Nothing obvious connects Cahill to these donors, whose companies are based in such states as Texas, Missouri, Florida, and Colorado. But an extensive Globe review of Cahill’s aggressive fund-raising practices uncovered the common link: Michael A. Ruane, a Boston investment manager who employs those firms to handle the vast real estate holdings he has bought for his investors — and who counts the Massachusetts pension board as one of his clients.
Since Cahill became the board’s chairman in 2003, Ruane’s investment management firm has been allocated $500 million in pension funds to invest — and has earned $34 million in management fees.
In fact, the largest one-day infusion of Ruane-connected campaign donations, $40,250 from business associates and their relatives in 12 states, was deposited on Aug. 13, 2003, a day before the Pension Reserves Investment Management board voted unanimously to give Ruane’s company $100 million to invest.
Now consider that scenario from another perspective. Pretend you get a campaign solicitation on behalf of, I don't know, the Treasurer of North Dakota. Or Georgia. Or wherever. Do you fire off a check? Now change the scenario just a little bit and pretend that your business (or your spouse's business) has a huge, nine-figure bid pending before an agency administered by the Treasurer in question. Say you write that check, as do a whole lot of your colleagues, and the next day (the NEXT DAY!!) your firm is awarded said contract.
What's your take-away from that experience? Do you assume that overnight your firm's bid was "reviewed by PRIM staff, an Investment Committee, and ultimately... approved by a nine-member PRIM Board of Trustees," and that "no one in the process [was] aware of political contributions made to" the Treasurer? Or do you assume something just a little different? Do you assume, perhaps, that there's a price to be paid to "play" in that state?
None of those questions are really questions, of course. As a wise old man once said, "Duh."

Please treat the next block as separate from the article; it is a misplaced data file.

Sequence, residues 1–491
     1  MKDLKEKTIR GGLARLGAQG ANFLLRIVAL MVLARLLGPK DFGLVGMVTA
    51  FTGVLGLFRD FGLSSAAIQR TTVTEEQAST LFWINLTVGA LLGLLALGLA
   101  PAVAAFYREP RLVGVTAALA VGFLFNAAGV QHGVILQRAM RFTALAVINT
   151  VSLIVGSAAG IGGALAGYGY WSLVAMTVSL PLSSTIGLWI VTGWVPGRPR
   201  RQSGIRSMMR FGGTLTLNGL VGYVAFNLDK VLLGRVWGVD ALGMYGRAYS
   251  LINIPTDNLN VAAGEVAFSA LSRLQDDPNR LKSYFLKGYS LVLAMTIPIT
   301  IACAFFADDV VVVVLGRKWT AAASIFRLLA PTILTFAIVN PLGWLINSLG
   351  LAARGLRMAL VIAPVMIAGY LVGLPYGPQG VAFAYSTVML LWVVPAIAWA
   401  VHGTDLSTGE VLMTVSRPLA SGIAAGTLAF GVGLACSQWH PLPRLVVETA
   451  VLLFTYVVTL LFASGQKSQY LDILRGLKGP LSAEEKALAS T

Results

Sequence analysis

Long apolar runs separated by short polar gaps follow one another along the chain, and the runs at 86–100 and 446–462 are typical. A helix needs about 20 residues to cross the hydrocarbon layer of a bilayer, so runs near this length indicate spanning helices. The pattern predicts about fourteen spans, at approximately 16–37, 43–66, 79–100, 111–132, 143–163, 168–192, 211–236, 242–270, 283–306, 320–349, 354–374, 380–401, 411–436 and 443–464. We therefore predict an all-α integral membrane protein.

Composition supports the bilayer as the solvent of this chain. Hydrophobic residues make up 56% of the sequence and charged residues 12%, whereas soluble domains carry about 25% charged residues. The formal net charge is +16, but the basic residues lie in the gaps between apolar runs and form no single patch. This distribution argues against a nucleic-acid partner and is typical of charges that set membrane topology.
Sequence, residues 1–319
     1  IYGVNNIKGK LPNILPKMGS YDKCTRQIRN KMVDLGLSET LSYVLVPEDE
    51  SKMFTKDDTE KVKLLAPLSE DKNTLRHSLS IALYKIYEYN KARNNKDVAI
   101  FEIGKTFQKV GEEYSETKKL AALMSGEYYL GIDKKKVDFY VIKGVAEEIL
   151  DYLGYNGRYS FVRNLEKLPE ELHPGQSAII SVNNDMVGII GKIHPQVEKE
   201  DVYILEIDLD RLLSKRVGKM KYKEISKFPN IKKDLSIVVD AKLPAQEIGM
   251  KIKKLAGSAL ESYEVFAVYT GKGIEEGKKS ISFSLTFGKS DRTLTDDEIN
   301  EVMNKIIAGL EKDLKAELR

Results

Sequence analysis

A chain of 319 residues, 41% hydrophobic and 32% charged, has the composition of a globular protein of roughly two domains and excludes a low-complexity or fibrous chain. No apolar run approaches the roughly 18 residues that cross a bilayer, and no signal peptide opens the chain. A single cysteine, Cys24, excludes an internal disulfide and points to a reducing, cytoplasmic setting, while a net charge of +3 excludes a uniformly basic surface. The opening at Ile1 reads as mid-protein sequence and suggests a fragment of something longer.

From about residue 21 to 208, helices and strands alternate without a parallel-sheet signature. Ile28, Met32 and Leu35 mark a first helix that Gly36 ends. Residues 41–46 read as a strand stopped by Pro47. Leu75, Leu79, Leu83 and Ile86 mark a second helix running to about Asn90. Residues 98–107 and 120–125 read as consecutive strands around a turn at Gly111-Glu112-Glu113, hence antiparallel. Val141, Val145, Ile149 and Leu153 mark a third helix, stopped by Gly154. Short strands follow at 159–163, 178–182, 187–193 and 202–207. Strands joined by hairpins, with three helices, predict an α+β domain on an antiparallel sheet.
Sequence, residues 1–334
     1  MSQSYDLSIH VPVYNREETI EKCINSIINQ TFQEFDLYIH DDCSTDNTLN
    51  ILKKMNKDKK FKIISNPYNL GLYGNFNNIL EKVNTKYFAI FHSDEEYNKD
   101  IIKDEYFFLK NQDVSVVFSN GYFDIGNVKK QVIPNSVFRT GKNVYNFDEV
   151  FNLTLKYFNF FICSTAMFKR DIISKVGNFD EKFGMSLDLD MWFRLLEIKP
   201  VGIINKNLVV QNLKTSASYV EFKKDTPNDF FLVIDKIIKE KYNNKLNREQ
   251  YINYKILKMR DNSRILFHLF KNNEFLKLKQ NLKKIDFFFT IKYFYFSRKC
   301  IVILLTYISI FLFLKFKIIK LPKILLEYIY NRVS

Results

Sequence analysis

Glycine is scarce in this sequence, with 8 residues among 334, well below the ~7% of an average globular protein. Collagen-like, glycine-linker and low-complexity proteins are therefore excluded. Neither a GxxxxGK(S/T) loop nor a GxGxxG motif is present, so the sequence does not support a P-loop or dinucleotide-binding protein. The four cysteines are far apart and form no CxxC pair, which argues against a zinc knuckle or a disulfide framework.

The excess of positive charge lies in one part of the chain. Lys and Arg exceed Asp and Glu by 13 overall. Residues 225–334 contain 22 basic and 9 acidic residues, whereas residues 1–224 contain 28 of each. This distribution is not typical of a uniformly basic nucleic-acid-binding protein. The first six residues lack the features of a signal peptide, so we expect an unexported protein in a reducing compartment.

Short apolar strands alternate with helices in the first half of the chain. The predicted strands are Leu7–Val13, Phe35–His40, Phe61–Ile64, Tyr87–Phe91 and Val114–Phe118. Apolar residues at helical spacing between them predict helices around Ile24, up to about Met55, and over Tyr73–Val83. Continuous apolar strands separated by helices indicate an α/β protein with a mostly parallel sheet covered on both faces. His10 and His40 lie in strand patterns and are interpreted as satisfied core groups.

All that is why Cahill and his allies are unable to respond to the substance of the hard-hitting RGA ads that started running against him yesterday. He's reduced to masquerading as Scott Brown in a hilariously transparent (and pretty awkward) way, complaining about "negative" campaign ads, and dishonestly blaming Charlie Baker for the tone of ads that Cahill knows full well Baker had nothing to do with (the RGA is a 527 federal political committee - Massachusetts law strictly prohibits any coordination whatsoever on ads like the ones currently running).
As to the "negativity," there are people who will be turned off by that. But there is an important difference between the "your mother wears combat boots" variety of negative ads, and negative ads that convey important information. It is hard to argue that widespread and credible allegations of pay-to-play contracting within a candidate's office is not relevant information for the voters to have. And it's hard to imagine how that relevant information could be conveyed in a "positive" way.
A lot of people will wonder about the accuracy of the charges leveled in the RGA ads, especially since Cahill cannot refute them specifically. Some of these people will take a moment to do a Google search. That Google search will turn up the Globe investigation, the Wall Street Journal article, and countless others. Those voters will determine that while the RGA ads may be aggressive, they are also accurate.
And then they will conclude that Tim Cahill is about as "independent" as Michael Travaglini's brother. And that his similarity to Scott Brown starts and ends with his sweater.